Suburban Sugar Shack (Backyard Maple Syrup)
Backyard Maple Syrup is fun to make and tasty to eat. Plus you only need a couple trees and different varieties work. Step by step guide.
Let me ask you a couple questions today. First, do your kids consume, umm, gallons of maple syrup annually? And, second, do you regularly mist up at romantic ideas like living off the land or keeping your own bees?
If you answered yes to either of these questions–and have access to a couple maple trees (or even one large one), this activity is for you!
I brought up my kids on real maple syrup. And I did, literally, buy it by the gallon. I’ve always loved foraging and the idea of maple syruping–but thought you had to have a grove of sugar maples.
When by chance I read that other kinds of maples will work and you didn’t need a lot, I ordered up the equipment and started out.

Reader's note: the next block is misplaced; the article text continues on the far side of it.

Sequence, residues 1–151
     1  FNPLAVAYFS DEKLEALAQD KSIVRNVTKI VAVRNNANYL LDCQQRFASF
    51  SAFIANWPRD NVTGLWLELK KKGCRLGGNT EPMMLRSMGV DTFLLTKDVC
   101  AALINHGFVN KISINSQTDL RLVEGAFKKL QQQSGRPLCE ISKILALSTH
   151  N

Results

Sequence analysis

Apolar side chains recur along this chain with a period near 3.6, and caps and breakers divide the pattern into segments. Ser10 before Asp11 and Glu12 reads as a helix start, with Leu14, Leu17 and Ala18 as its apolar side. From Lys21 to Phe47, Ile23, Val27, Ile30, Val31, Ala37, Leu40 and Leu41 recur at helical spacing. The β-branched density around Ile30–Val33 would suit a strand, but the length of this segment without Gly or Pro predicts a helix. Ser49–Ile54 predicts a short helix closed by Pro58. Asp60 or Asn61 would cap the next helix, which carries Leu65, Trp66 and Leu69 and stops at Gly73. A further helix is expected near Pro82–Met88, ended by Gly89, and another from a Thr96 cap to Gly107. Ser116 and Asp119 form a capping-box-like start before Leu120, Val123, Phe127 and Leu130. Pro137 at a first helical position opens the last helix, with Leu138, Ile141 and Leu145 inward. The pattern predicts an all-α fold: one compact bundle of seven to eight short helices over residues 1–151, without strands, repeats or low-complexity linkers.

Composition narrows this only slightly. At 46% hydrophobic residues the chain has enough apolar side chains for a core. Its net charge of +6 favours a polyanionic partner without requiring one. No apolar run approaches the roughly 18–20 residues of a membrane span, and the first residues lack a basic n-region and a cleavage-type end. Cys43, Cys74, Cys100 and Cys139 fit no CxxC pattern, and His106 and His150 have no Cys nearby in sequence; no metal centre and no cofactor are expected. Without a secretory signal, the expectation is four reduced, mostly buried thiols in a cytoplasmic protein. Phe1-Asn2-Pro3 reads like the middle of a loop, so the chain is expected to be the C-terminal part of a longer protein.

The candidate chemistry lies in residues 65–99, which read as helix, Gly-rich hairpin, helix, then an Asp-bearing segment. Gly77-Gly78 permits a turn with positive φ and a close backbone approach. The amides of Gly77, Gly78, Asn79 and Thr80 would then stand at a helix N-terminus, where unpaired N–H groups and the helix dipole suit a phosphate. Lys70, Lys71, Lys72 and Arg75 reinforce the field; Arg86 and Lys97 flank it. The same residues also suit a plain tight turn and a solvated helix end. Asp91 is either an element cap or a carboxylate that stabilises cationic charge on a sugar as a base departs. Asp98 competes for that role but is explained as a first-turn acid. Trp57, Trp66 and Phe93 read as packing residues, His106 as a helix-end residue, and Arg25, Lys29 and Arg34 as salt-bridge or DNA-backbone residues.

Who, What, When, Where, Why
There are three main steps in making maple syrup. First you locate trees and equipment, next you collect the sap, and finally you boil it into maple syrup.
Picking out your trees
While Sugar Maples are the classic maple syrup tree and produce the sweetest sap, did you know that you can also tap other varieties? We have had great success with two large Silver Maples in our front yard. For more info see Practical Self Reliance.
The easiest time to identify a maple tree is summer or fall, when the telltale leaf shape gives them away. But if it’s winter and the leaf isn’t available, you may be able to identify them using other methods.
The size of the maple tree is the final consideration. For the health and longevity of the tree, most people recommend a minimum circumference of 10 inches. But larger is better and some can take more than one tap.
When to Tap